Ellie is such a good mom. I went down this evening and sat on a bucket in the paddock and just watched as she taught her little one the ropes. She guided him with her nose, nuzzled him when he came close, and pushed him when she didn’t like what he did. He spent all of his time mimicking her. She was grazing so with no teeth he managed to pull up some grass and “chew” it. I actually worried he would choke but he managed. He appears to have a good appetite. I felt sorry for Ellie as he rooted around with absolutely no finesse until he got the milk he wanted.
Enough for this evening. I will keep you filled in as we watch “junior” grow. Stay tuned. I am going to take a poll for name suggestions.
Well, I finally have something new to report on our ongoing “baby watch”. For weeks now, Ellie has had an enlarging bag. Over this last week-end it looked larger than it has but still no milk to be expressed. This morning when I checked her, she had a tiny amount of clear fluid that I expressed from each of her two teats. Now that is progress! Since she is apparently the slowest donkey on earth when it comes to actually foaling, I have no illusions about it coming tonight. However, I do believe that this change indicates we won’t be waiting for another month. At least I certainly hope not.
I promised you some more general donkey information in the last post. The following details I found on Wikipedia regarding donkey characteristics: Donkeys have quite a range of size. It depends upon the particular breed as well as their management. They range from 31″ (7.3 hands) at the withers to as much as 63″(15.3 hands) at the withers. Their weight ranges from 180 lbs. to 1,060 lbs. Their life expectancy depends upon their care and their access to quality foods. In very poor countries, they generally live from 12 to 15 years. In more prosperous countries, they have a lifespan of 30 to 50 years. Since our 5 range in age from 2 years to 6 years, our children may inherit them some day. I am guessing this won’t be very exciting news to either of them since both of our sons are city dwellers!
Well, that’s the day’s information. I hope to be writing soon with a photograph of Ellie’s new foal rather than this image of her last one. Thanks for hanging in here with me!
Did you know that there were about 41 million donkeys reported worldwide clear back in 2006? Back then, China had the most with 11 million followed by Pakistan, Ethiopia and Mexico. By now, I am quite sure that number has gone up. Gosh, the two babies we purchased last year and the one we have due along with the other two Jennies expecting (we think), we are doing our part!
Since we STILL do not have our new foal born yet, I thought a little donkey history might be in order. Much to my amazement and horror………according to Wikipedia, the gestation period can be as much as 14 months although usually about 12. What a range….from 11 to 14 months. If human mom’s had that kind of range, we would all go crazy waiting!
Believe it or not, the Domestic Animal Diversity Information System listed 189 breeds of ass in June, 2011. Ah yes, the other common name for donkey is ass since the wild ancestor of today’s donkey is the African wild ass, E africanus. Donkeys have been used as working animals for at least 5,000 years. They were first domesticated around 3,000 BC, probably in Egypt or Mesopotamia and have spread world wide since then. As time passed, donkey has gradually replaced ass as the choice of terms. From the 18th century on, this happened due to a tendency to avoid pejorative terms in speech.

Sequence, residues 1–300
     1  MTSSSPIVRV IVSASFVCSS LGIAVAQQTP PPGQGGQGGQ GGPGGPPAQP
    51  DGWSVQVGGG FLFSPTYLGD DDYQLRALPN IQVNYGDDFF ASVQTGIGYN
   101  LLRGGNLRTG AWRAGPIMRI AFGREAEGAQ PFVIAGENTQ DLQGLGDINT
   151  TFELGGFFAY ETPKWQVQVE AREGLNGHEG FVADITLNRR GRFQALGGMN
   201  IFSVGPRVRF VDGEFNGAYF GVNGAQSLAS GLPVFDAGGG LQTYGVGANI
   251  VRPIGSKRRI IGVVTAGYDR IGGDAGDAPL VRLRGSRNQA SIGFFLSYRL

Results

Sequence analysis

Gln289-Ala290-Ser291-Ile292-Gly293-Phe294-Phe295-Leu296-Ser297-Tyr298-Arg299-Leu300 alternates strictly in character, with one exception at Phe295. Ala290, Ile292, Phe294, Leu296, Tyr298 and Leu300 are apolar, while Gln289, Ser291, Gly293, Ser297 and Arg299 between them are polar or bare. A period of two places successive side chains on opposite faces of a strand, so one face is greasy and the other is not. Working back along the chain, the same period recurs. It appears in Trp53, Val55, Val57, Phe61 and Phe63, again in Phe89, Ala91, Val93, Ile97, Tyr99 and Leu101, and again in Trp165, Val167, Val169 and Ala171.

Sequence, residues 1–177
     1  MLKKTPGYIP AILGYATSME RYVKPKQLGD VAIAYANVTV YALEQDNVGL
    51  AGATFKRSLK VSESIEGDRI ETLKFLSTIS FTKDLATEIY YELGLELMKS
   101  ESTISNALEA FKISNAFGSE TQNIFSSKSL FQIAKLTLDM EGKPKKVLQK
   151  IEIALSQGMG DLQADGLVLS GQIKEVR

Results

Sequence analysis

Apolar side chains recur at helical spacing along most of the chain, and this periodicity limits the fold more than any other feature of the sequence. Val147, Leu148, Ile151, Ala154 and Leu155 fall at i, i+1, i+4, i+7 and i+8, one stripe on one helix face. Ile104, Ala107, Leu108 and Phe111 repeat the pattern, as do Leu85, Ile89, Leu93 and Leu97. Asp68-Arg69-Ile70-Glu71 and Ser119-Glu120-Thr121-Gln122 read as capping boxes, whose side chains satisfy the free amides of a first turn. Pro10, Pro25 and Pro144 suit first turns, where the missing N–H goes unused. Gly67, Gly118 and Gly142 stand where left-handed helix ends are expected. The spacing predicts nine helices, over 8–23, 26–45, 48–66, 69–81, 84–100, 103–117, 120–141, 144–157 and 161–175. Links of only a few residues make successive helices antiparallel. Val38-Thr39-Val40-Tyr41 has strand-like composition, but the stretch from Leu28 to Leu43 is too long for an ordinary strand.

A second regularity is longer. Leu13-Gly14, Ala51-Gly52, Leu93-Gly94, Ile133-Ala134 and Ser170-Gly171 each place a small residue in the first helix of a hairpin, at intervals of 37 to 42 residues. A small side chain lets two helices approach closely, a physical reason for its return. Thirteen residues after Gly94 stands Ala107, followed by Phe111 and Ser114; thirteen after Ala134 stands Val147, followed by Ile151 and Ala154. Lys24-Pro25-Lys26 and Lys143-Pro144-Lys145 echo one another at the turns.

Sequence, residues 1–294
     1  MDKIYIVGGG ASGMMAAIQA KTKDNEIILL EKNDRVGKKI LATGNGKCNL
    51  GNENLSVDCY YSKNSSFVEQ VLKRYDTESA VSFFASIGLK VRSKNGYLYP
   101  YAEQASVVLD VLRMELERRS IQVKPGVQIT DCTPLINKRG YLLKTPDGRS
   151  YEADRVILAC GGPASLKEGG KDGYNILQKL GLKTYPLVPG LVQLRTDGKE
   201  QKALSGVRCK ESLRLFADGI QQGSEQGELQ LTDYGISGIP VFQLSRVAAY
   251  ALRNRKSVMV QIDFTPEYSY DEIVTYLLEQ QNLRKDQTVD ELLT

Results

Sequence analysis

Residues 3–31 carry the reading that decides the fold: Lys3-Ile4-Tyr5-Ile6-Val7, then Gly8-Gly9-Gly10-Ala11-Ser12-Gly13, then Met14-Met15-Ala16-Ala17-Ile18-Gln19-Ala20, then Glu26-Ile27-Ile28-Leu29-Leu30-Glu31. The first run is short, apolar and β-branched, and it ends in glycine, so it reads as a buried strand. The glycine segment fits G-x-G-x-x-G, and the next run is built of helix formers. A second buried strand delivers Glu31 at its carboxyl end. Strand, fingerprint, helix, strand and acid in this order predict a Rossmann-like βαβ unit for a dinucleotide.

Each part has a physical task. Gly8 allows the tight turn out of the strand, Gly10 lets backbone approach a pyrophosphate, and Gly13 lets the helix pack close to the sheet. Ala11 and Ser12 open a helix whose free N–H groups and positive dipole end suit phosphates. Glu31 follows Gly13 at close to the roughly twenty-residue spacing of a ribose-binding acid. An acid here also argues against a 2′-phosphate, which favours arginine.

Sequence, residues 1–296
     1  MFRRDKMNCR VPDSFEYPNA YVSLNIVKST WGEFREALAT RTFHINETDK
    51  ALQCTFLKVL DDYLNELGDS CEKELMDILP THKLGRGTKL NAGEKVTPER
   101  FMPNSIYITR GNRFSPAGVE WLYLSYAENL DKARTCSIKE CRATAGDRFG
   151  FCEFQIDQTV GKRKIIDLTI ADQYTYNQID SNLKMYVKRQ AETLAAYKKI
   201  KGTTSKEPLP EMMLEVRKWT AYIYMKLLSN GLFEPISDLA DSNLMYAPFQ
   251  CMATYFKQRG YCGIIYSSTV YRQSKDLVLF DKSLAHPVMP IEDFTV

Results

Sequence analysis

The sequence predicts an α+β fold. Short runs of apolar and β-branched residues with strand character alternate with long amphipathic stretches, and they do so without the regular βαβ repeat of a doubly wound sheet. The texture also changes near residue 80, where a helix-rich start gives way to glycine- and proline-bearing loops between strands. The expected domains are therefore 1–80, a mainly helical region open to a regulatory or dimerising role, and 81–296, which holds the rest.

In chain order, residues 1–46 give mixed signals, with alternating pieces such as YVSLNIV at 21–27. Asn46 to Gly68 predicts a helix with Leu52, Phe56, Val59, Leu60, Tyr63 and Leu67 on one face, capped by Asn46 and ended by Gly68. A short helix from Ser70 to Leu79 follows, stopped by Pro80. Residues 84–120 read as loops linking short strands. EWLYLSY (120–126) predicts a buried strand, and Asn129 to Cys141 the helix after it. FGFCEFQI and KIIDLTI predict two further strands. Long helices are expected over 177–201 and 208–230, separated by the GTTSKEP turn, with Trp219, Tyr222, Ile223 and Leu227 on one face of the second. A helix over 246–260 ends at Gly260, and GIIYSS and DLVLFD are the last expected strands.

All of the above information has come from Wikipedia.org. As we all await the arrival of Ellie’s foal, I thought that I might add donkey info for a while. I have plenty to learn about them. I am particularly interested in the commonality with the horse as well as the differences. Watch for more information in the days to come.
I can’t believe that it has been this long and “still no baby”. Apparently, I really jumped the gun when I thought Ellie was due. Since our Jack is with the herd all the time, it is impossible to know when these jennets get pregnant. That and a 12 to 13 month gestation really put me in the dark. She looked so big but in retrospect, she wasn’t nearly as big as she needs to be. I am used to looking at 1,000 lb. pregnant mares not little donkeys so that, too, helped fool me. I do finally see changes in her udder but I don’t think she is quite ready yet. So, hang in there with me and one of these days I will have pictures to post of a new baby donkey. I am trying not to worry that she is having twins or that there will be trouble because the foal is too large. I actually think she is coming along just fine so keep watching. I suspect from the picture above and the image below you will see differences from the first images that I posted so long ago. Cheers and keep your fingers crossed for a healthy, happy little one to arrive sooner rather than any later!
Par for the course these days, I have nothing to report except “no baby yet and huge mom to be”. Since you are all anxious, I decided to put up some older photos so you can at least see what we expect soon???? In the photograph, Dude is in the foreground. He is our jack. The new foal arriving soon (I hope) will be his first offspring. Behind Chocolate is his mom, Miss Ellie. Watch for more photographs of our little herd.